- Contributed by
- Civic Centre, Bedford
- People in story:
- John Hartup
- Location of story:
- Article ID:
- Contributed on:
- 28 May 2004
Several memories spring to mind. I was ten years old when the war started and I use to regularly sing with the BMS choir for the Daily Service with the BBC in St Paul's Church; the organist was usually George Thalben Ball. I was one of six boy choristers who sang with the BBC's live performance of a Nativity Play from Bedford School at Christmas 1943 - the MD was Charles Groves.
I regularly attended afternoon BBC orchestral performances from the Corn Exchange. The conductors I remember best were Adrian Boult, John Barbirolli and Clarence Raybould; the Leader of the BBC Symph Orch at that time was Paul Beard.
During the school holidays I worked as a volunteer on many farms around Bedford. We'd meet outside the corn exchange and be taken in trucks to the farms. On one memorable occasion we were working in a field next to Thurleigh air field when the B17s returned from a raid. Many were badly damanged; one crashed on landing. At that time the sky was filled with red Very flares.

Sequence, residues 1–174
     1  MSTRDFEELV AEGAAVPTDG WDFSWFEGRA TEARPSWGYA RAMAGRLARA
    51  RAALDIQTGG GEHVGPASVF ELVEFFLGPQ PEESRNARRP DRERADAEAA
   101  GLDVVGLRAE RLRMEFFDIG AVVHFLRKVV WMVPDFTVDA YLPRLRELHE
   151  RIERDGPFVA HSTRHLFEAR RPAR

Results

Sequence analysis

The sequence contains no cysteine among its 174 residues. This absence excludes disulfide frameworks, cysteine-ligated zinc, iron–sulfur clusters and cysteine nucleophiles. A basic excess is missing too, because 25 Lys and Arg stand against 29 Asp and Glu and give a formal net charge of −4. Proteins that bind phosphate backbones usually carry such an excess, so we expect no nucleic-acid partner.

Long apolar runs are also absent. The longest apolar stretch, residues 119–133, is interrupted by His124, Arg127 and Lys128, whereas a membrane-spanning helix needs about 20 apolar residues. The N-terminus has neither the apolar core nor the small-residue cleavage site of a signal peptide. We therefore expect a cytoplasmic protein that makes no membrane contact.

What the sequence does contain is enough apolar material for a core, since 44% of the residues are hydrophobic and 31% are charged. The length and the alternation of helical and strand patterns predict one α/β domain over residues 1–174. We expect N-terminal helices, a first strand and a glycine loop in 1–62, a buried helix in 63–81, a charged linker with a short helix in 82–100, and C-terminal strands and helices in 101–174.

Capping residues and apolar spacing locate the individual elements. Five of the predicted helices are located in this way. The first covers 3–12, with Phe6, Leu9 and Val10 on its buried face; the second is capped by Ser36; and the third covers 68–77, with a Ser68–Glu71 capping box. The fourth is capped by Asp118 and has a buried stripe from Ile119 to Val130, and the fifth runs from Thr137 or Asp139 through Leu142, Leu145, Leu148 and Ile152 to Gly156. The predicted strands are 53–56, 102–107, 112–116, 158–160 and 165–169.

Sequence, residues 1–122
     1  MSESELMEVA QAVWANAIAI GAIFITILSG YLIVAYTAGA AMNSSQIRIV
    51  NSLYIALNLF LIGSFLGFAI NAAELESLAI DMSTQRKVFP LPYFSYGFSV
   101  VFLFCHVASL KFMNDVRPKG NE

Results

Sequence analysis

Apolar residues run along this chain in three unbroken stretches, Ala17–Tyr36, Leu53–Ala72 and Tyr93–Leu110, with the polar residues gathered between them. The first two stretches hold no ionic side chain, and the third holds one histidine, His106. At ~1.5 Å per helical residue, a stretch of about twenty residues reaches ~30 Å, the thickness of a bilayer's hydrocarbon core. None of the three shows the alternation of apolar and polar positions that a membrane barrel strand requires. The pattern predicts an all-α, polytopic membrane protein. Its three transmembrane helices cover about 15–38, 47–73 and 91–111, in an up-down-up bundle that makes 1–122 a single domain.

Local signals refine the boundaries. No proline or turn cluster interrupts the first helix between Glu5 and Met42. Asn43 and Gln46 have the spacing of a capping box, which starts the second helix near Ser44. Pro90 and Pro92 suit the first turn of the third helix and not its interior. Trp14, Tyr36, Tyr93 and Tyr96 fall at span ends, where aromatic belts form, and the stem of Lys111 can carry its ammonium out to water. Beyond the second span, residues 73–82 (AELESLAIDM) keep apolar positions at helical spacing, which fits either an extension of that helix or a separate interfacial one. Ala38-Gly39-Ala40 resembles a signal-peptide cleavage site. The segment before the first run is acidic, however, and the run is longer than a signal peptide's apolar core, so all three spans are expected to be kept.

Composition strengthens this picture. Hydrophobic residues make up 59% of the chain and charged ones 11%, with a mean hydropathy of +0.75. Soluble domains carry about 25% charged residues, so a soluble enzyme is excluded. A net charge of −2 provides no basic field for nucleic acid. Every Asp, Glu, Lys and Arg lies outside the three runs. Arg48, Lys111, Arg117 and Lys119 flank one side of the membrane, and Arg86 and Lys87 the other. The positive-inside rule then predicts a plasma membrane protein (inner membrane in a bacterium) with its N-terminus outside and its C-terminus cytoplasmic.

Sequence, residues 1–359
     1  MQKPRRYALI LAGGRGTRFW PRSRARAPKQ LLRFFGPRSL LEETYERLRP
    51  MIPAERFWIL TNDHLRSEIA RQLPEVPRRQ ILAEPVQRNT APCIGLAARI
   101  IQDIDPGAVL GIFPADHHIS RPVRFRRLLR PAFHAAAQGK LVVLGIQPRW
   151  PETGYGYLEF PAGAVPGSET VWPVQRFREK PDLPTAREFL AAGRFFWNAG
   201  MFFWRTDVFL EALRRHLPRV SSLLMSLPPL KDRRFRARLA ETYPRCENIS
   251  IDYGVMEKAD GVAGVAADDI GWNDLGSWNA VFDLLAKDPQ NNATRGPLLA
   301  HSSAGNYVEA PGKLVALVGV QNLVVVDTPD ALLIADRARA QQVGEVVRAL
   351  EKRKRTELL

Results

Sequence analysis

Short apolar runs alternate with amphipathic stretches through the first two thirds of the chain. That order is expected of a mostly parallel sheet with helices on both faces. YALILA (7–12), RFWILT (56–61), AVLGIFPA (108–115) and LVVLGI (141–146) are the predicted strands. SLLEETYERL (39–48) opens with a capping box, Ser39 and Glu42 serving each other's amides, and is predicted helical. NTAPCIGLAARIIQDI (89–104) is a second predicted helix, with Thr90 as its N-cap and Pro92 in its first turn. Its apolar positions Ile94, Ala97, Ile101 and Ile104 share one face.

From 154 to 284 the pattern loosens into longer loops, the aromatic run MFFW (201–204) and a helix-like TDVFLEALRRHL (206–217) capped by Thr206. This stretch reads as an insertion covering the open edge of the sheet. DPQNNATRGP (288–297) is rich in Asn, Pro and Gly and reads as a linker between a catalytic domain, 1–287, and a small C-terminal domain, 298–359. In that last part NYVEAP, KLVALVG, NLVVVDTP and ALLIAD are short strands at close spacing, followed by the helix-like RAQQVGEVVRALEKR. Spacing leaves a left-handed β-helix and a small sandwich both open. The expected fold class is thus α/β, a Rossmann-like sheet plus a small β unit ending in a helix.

On many occasions, from about 1943, I played the piano in a small dance band trio for Saturday night hops at Bedford Trades Club. I was replacing the regular pianist who was called up for war service. I also played for a small concert party giving concerts to the troops.
Around 1940 (whilst at Silver Jubilee School) I was involved in collecting scrap metal to help the war effort. Photos of this appeared in the Beds Times or Bedford Record.
A near miss occured when I was a lad. I used to take my bike to school and leave it in the bike racks at the back. One particular day, around the time I'd have been locking up my bike, a piece of shrapnel from the bomb which fell near the railway station dropped onto my cycle rack! Fortunately on that particular day I had walked to work.
When the "Landmine" fell near Kempston Barracks, we all rushed into our shelter at the bottom of our garden. When all was quiet, my father went out of the shelter for about 10 mins to look around. When we eventually got back into the house, we saw that my father's bald head was covered in "Fall-out" - a thin layer of Kempston soil!
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